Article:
Employees may criticize managerial communication as breezy or unreliable, but at the same time, they sense that an organization without fictions and aspirations is dull and alienating. Employees become passive when they experience managerial lack of aspirations or ambiguity about future visions. In the process of initiating necessary changes and improvements, hope for something better is an important resource. Even when employees mock managerial claims and aspirations, such fictions may shape employee behavior by defining a framework for action. Consequently, an organization describes itself not only to confirm its identity as it “is” but also simultaneously to inspire itself and its members to become better. The now, in a sense, becomes impregnated and enriched by the future.

Thus, in the process of instigating change, accuracy and consistency are not the primary drivers. Just like the messages we deliberately convey about ourselves to significant others, managerial messages (e.g., vision statements and value declarations) are idealized stories of identity through which corporate actors hope to seduce themselves and one another to embark on the glorious future already today.

CSR as Aspirational Talk

In many walks of life, however, and especially when it comes to issues of social and environmental responsibility, corporate critics tend to disregard such insight and argue that differences between what organizations say and what they do are intolerable and must be eliminated. Consequently, organizations are told to walk their talk—that is, to practice what they preach. As a general rule, the “walk-the-talk” recipe may provide an appropriate buffer against the type of hypocrisy occurring in simple lies. However, based on the observation that people and organizations act to think, Karl Weick (1995) argues that the walk-the-talk imperative assumes a consistency between the talk and the walk that limits the possibility of discovering new solutions or ideas for which accurate words are inadequate. Therefore, Weick argues, organizations should not implement the walk-the-talk imperative too tightly as it may prevent change and improved action. Importantly in this perspective, talk is also action, and organizations may learn from the ways in which they describe themselves and their relations to others. This is also the case when those descriptions are not fully accurate.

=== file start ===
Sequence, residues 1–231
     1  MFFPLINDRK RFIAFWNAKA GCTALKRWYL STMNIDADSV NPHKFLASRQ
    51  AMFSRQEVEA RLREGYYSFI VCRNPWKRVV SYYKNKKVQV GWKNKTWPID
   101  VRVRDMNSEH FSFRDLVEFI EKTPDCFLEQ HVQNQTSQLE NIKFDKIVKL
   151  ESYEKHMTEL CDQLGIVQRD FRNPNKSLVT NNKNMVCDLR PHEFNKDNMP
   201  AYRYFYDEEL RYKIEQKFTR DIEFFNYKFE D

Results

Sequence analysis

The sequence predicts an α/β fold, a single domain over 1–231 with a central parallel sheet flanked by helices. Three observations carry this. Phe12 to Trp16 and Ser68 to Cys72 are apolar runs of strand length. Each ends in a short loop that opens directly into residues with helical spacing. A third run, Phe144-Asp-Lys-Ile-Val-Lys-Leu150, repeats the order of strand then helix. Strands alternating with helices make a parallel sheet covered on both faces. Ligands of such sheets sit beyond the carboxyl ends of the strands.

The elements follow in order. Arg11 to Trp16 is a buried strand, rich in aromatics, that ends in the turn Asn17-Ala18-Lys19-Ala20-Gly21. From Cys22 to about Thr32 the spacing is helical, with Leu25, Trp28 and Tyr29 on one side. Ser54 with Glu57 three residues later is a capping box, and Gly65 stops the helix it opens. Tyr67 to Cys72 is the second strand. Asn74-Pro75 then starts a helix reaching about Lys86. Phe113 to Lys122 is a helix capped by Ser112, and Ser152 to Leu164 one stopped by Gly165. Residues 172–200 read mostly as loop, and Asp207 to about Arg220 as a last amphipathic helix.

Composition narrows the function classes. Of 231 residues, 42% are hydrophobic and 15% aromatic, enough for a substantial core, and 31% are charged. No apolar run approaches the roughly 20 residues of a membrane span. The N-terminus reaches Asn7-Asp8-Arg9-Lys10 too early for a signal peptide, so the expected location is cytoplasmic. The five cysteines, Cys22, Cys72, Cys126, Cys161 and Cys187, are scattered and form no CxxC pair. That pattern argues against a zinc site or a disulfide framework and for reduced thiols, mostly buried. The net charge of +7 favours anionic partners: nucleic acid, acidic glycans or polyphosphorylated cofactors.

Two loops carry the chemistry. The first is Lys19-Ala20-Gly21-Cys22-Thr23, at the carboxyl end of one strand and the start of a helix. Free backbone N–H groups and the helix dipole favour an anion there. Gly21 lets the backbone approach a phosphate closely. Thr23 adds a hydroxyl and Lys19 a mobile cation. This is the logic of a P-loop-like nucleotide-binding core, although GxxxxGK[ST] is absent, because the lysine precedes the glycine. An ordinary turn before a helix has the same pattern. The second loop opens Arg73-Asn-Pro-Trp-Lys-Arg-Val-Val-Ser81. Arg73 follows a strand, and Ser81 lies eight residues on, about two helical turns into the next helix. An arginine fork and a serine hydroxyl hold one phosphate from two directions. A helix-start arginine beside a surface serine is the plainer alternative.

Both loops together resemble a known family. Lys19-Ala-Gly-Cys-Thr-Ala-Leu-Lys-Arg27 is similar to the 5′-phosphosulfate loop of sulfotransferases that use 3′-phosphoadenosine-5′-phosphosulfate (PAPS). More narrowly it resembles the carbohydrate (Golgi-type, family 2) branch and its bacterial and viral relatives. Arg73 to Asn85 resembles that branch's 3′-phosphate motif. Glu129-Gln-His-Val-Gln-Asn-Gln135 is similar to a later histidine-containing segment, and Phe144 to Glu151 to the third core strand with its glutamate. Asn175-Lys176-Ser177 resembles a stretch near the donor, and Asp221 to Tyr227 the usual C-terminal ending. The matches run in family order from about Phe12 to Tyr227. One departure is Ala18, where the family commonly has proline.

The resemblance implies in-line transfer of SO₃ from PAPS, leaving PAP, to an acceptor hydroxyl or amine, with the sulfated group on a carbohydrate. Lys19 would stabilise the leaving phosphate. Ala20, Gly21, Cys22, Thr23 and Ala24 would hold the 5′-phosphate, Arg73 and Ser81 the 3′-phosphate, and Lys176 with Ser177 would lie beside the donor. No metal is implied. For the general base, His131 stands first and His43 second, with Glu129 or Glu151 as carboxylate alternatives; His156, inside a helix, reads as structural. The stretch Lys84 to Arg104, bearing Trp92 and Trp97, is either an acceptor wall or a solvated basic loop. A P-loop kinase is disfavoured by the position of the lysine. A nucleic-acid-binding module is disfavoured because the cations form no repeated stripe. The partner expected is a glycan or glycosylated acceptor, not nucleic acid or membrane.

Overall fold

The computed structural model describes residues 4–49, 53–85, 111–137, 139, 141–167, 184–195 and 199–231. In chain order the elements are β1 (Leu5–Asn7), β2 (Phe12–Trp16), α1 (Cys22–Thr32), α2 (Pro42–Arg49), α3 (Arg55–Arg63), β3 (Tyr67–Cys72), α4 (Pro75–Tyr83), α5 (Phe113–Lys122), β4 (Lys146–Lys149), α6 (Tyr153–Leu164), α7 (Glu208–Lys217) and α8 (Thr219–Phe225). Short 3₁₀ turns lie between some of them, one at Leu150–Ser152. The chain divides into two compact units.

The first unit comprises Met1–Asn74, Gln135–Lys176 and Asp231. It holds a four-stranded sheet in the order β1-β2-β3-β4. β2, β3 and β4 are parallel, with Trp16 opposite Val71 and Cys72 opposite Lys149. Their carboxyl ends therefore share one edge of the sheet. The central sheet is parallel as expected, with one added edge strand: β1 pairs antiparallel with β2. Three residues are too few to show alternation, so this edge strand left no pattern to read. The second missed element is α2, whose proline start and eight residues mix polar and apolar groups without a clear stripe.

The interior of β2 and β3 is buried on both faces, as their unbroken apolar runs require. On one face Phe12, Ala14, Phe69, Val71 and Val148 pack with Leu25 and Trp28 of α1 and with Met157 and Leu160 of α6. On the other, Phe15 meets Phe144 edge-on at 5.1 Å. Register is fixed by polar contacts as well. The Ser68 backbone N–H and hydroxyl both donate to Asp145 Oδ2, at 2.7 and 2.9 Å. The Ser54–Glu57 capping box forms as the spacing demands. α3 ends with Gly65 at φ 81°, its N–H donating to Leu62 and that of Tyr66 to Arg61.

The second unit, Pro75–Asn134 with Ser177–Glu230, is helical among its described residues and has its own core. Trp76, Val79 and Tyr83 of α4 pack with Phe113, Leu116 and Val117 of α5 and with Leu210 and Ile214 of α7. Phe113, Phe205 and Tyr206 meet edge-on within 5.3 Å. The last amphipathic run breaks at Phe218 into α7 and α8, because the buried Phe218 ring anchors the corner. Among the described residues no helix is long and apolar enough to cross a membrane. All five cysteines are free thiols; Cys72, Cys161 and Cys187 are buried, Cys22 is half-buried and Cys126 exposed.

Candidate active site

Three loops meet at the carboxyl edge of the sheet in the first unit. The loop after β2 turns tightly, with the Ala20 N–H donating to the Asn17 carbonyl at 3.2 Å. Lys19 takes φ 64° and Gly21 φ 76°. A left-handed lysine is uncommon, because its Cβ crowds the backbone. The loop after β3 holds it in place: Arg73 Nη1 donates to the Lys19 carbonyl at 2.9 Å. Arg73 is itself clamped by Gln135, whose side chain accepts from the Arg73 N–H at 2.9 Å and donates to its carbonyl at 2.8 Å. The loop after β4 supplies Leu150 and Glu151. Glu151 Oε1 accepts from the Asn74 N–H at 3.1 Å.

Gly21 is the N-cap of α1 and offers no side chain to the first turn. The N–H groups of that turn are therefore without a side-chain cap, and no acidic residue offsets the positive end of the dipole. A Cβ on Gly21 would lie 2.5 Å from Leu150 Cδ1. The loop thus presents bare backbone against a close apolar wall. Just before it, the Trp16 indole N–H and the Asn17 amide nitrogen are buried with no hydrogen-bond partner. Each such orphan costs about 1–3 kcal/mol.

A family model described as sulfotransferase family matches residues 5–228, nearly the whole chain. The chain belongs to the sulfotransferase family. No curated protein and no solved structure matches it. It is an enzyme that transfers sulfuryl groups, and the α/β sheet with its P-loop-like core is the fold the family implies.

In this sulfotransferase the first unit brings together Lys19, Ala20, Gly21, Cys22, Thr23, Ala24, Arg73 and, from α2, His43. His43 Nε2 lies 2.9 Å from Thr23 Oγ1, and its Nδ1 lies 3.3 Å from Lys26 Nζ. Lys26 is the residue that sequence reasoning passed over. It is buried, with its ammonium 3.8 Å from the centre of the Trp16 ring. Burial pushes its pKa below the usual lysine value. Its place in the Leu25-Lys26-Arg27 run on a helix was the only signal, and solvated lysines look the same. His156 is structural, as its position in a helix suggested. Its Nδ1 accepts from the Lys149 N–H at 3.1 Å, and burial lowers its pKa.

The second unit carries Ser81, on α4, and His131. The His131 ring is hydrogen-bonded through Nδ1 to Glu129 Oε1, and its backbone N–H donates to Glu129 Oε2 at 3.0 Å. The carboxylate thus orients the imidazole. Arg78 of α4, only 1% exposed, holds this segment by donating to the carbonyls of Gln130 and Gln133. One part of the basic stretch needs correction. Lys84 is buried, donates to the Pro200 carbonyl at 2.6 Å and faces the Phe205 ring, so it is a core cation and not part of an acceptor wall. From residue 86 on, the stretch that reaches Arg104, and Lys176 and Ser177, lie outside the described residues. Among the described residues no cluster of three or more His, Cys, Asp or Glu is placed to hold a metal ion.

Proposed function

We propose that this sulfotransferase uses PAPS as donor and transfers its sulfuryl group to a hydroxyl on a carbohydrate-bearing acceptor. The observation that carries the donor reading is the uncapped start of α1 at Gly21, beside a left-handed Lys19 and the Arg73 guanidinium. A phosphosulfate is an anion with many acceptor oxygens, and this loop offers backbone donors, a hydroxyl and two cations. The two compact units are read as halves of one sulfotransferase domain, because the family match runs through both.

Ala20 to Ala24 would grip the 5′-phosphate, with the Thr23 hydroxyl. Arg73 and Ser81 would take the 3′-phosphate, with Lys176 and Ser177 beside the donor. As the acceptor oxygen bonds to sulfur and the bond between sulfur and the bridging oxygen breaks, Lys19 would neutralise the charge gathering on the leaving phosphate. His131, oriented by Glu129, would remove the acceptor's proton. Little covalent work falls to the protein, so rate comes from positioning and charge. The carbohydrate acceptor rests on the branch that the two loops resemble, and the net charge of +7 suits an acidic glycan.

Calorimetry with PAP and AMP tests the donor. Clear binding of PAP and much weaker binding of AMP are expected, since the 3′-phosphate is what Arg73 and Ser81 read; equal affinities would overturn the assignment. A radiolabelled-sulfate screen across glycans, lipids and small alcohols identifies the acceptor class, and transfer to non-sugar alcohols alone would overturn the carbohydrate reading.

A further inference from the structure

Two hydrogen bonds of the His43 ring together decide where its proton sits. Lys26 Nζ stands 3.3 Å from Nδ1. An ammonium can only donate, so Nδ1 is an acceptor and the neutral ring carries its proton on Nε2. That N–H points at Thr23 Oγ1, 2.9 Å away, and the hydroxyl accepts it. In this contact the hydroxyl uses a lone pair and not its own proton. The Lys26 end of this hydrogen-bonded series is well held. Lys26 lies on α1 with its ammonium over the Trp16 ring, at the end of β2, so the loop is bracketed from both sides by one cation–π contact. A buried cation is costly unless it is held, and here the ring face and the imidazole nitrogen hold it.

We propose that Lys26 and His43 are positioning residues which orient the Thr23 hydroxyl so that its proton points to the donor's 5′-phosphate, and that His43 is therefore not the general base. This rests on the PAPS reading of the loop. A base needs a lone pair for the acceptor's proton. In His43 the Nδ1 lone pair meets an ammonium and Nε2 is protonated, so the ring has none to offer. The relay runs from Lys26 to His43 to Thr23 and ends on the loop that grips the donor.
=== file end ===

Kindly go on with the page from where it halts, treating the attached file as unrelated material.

Aspirational talk, understood as idealized self-talk and presented as accurate self-descriptions, is essential in pushing organizations toward higher standards. To announce ideals out loud is to create expectations, thereby subjecting oneself to potential pressure from activists, interest groups, journalists, and other critical stakeholders. Given such pressures, ideals and policies intended at the outset to be purely symbolic or ceremonial may become binding through the combination of regulation, activist pressure, policy commitments, and employee expectations.

There is no guarantee that such recoupling of words and action will actually take place or lead to new ideas and improved behavior. Yet the growing stakeholder interest in corporate affairs indicates that although talk may be seen as “superficial,” corporate action is increasingly subjected to critical scrutiny that juxtaposes organizational talk and action. Moreover, the media’s power to make the invisible visible for all to see has a disciplining effect on those in power, including corporations. To articulate CSR ideals and plans in a public arena is therefore not simply to present a noncommittal version of the organization but also to articulate a future-oriented self-image that is binding in the sense that it potentially obligates the organization to begin performing certain acts. And while many such acts—taking CSR decisions, and confirming the decisions in minutes, and new decisions—may appear inadequate and far too slow, given the serious issues that trigger them, they have the potential to transform the attention and expectations of organizational audiences, both outside and inside the organization.